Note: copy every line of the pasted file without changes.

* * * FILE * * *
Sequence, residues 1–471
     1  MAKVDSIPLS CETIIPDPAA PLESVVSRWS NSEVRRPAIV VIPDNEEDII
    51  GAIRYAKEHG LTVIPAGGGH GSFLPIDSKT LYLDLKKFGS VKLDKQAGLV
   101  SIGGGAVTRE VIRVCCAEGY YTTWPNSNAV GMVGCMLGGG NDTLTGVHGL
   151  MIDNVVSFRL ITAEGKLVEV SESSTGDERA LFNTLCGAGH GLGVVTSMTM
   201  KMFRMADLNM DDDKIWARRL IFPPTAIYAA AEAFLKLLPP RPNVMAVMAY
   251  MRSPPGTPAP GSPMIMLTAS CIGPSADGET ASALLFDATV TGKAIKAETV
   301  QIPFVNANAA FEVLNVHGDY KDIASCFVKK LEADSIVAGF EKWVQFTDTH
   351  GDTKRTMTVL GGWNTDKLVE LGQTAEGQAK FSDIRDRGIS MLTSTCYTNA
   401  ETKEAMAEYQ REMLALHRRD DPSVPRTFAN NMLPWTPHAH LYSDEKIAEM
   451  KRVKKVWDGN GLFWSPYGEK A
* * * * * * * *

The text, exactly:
Sequence, residues 1–471
     1  MAKVDSIPLS CETIIPDPAA PLESVVSRWS NSEVRRPAIV VIPDNEEDII
    51  GAIRYAKEHG LTVIPAGGGH GSFLPIDSKT LYLDLKKFGS VKLDKQAGLV
   101  SIGGGAVTRE VIRVCCAEGY YTTWPNSNAV GMVGCMLGGG NDTLTGVHGL
   151  MIDNVVSFRL ITAEGKLVEV SESSTGDERA LFNTLCGAGH GLGVVTSMTM
   201  KMFRMADLNM DDDKIWARRL IFPPTAIYAA AEAFLKLLPP RPNVMAVMAY
   251  MRSPPGTPAP GSPMIMLTAS CIGPSADGET ASALLFDATV TGKAIKAETV
   301  QIPFVNANAA FEVLNVHGDY KDIASCFVKK LEADSIVAGF EKWVQFTDTH
   351  GDTKRTMTVL GGWNTDKLVE LGQTAEGQAK FSDIRDRGIS MLTSTCYTNA
   401  ETKEAMAEYQ REMLALHRRD DPSVPRTFAN NMLPWTPHAH LYSDEKIAEM
   451  KRVKKVWDGN GLFWSPYGEK A